WASHINGTON (Sept. 16. 2015) – A review of the literature on commonly cited environmental hazards of hydraulic fracturing, or “fracking,” demonstrates that the process’ economic benefits far outweigh the risks, according to a new policy brief published today by the R Street Institute.

In the brief, R Street Texas Director Josiah Neeley examines the substantial economic impact of fracking, which has led to declines in residential natural-gas bills of $13 billion per year and contributed $283 billion to U.S. gross domestic product in 2012 alone. He also looks at studies of fracking’s potential impact on the climate, emissions, air quality and water quality and availability.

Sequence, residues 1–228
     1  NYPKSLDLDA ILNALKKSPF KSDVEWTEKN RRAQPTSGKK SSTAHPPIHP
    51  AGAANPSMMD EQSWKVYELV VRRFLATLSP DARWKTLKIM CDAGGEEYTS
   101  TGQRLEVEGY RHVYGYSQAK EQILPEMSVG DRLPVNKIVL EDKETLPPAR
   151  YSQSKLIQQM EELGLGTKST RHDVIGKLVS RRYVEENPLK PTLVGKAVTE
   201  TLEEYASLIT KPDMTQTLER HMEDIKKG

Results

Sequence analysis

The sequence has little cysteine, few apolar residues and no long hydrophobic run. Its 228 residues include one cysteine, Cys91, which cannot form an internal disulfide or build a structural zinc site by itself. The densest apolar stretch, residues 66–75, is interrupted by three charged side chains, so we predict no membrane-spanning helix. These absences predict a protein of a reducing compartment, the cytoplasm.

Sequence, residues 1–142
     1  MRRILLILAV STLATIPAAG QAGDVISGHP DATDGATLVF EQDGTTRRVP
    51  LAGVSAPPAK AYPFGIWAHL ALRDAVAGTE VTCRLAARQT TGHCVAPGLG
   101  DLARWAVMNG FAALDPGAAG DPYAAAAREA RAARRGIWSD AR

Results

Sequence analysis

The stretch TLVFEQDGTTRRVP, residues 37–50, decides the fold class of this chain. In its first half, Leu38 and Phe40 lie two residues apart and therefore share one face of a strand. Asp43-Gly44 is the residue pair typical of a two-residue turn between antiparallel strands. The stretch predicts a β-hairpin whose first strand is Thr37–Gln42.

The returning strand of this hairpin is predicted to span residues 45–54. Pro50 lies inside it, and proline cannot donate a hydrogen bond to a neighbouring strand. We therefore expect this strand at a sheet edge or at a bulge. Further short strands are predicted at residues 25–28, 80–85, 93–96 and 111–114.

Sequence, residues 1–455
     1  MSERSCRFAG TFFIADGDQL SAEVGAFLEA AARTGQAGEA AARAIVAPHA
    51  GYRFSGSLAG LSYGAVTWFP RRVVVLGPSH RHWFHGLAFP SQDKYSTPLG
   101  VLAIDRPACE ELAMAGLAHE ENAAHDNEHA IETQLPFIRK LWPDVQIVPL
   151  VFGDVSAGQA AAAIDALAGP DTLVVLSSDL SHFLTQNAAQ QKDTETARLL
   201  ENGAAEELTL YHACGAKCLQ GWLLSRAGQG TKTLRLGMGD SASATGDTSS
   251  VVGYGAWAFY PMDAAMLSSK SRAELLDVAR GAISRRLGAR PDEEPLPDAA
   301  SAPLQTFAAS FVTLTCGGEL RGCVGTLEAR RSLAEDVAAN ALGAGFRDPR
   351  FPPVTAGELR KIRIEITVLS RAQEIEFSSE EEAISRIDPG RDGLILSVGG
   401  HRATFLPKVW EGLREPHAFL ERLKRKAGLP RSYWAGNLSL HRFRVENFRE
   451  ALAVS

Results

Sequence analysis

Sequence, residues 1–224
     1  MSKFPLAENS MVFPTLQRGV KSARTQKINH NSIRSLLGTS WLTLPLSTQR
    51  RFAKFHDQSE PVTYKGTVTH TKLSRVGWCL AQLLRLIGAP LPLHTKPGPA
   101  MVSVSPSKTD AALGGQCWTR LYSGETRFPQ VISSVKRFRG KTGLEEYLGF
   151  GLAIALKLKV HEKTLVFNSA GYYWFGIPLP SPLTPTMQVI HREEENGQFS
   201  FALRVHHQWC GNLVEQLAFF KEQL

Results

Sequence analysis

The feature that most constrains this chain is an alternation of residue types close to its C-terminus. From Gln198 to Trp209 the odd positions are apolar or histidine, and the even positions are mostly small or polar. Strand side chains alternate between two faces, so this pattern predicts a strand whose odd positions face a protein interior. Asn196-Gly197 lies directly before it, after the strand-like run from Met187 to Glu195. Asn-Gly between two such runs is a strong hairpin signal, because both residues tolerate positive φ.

“Every source of energy has its advantages and drawbacks,” Neeley writes. “Fracked natural gas has supplanted significant amounts of coal electricity, delivering low-cost electricity with half the levels of greenhouse-gas emissions.”

Neeley finds that reported cases of fracking actually having negative impacts on air and water quality are rare and inconsistent, and pose less significant threats than exposure to high levels of ozone, particulates and other emissions from more emissions-intensive fuel sources.

“While fracking can pose environmental challenges, these can be managed via appropriate regulation and oversight,” he said.